Sweetgrass Trail follows an overgrown cutline through the forest from Sweetgrass Landing to Sweetgrass Station. While there is little variety in the scenery along the trail, avid birdwatchers will see and hear many species of songbirds along the way. Animal scats and tracks provide clues to the diversity of wildlife in the area. There may be times when bison are encountered along the trail – the rutted texture of the trail is due to their hoofprints. If you encounter bison, always maintain a safe distance. They may be particularly aggressive during the rutting season in late July and August. Hikers should also be prepared to cope with biting insects.
The unmarked trail starts in the meadows behind the campsite at Sweetgrass Landing. Look for a narrow overgrown gap in the trees that opens out to a cutline that used to be a road allowance to Sweetgrass Station. The trail follows the cutline for 10 km but is very overgrown as it hasn’t been maintained for many years. Approximately 2 km in, where the overgrowth is the thickest, care must be taken not to divert off onto a bison trail that branches to the left and leads to a meadow. Once you have crossed the culvert at “Big Dip” (at a little over 4 km), the cutline widens out. It narrows again due to overgrowth as you approach the corrals at the end of the trail, approximately 10 km in. Once you exit the trail, follow the corrals for 2 more km through the meadows to the remnant buildings and backcountry campsite of Sweetgrass Station.
The culvert at the “Big Dip” is a reference point for the canoe portage – once past the culvert, look for an unmarked path to the right that leads to Sweetgrass Creek (approx.4.3 km from the trailhead). You cannot see the creek from the main trail.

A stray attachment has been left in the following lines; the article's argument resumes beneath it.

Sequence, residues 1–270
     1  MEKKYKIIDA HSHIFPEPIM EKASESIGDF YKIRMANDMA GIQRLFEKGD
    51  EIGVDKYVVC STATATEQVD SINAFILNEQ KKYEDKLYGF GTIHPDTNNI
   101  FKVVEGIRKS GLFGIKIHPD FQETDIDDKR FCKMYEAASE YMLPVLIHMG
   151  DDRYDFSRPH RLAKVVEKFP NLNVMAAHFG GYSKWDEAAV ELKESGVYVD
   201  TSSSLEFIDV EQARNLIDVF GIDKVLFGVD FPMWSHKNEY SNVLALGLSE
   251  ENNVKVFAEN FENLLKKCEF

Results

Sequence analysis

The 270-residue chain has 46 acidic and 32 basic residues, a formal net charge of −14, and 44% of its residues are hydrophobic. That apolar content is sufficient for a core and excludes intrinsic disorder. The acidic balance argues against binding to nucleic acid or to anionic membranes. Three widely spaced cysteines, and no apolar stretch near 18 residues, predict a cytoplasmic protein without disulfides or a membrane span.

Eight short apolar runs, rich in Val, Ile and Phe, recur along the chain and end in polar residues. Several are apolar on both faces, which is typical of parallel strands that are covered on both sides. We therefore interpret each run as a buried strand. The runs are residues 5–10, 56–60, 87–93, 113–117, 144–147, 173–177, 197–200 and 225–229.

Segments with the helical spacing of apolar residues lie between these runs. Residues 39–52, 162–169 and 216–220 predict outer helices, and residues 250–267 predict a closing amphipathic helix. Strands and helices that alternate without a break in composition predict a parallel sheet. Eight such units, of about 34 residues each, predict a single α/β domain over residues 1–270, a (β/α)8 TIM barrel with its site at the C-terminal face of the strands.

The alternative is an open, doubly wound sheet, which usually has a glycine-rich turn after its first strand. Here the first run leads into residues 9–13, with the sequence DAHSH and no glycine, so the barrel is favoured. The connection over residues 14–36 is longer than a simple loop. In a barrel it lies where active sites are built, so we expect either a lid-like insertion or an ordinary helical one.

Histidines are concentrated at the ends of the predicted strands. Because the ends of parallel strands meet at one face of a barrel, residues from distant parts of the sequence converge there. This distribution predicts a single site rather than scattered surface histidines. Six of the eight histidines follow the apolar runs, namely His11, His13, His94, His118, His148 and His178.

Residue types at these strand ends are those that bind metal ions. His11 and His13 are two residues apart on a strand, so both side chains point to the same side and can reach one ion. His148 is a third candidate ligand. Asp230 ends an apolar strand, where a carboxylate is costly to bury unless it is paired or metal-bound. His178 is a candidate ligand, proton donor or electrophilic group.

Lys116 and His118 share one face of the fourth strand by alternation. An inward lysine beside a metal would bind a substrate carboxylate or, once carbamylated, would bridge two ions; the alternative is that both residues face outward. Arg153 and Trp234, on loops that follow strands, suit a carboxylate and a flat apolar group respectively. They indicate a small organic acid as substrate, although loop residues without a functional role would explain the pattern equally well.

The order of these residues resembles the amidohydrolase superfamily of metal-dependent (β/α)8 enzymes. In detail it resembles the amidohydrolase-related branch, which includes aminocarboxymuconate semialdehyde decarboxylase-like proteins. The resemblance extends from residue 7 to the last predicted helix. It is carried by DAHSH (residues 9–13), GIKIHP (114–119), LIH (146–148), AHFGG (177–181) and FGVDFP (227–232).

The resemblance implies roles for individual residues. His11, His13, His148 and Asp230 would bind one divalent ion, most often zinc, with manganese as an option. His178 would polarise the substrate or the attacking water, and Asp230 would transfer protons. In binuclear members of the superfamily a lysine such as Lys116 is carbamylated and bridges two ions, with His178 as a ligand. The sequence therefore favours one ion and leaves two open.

Once you are on the creek, it is a lovely 1-1/2 to 2 hour paddle the rest of the way to the Station. Kingfishers and raptors are often seen along the creek, along with a diversity of aquatic vegetation. There is no signage indicating when a paddler has arrived at the Station, nor are the buildings visible from the creek. Paddlers should watch for an opening in the trees on the left (east) where the corrals are visible. From there they should continue on until they see a bit of a clearing with willows on the left (east) bank which serves as a bison crossing. It is approximately a 7 - 10 minute walk inland along the bison trail to the buildings of Sweetgrass Station. Sweetgrass Creek continues past Sweetgrass Station to Lake Claire. Portages across beaver dams may be needed closer to Lake Claire.
A winter road connects Fort Smith, Fort Chipewyan, and Fort McMurray for approximately three months from mid-December to mid-March. The park section between Fort Chipewyan and the Peace River winds narrowly through the forest with many sharp turns. There are several river crossings on ice bridges. The park cannot guarantee regular road patrols, so travellers must be responsible for their own safety and should be prepared for cold weather survival in the event of a breakdown. For an update on winter road conditions, contact the Park Hotline at 867-872-7962. Please click here for more detailed information.